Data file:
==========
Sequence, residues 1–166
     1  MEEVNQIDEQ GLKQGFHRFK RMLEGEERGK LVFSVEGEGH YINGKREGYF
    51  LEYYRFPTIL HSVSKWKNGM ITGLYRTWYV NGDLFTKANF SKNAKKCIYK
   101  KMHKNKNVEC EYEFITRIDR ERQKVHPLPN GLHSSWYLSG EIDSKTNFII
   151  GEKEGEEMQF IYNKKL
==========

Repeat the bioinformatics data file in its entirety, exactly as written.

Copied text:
Sequence, residues 1–166
     1  MEEVNQIDEQ GLKQGFHRFK RMLEGEERGK LVFSVEGEGH YINGKREGYF
    51  LEYYRFPTIL HSVSKWKNGM ITGLYRTWYV NGDLFTKANF SKNAKKCIYK
   101  KMHKNKNVEC EYEFITRIDR ERQKVHPLPN GLHSSWYLSG EIDSKTNFII
   151  GEKEGEEMQF IYNKKL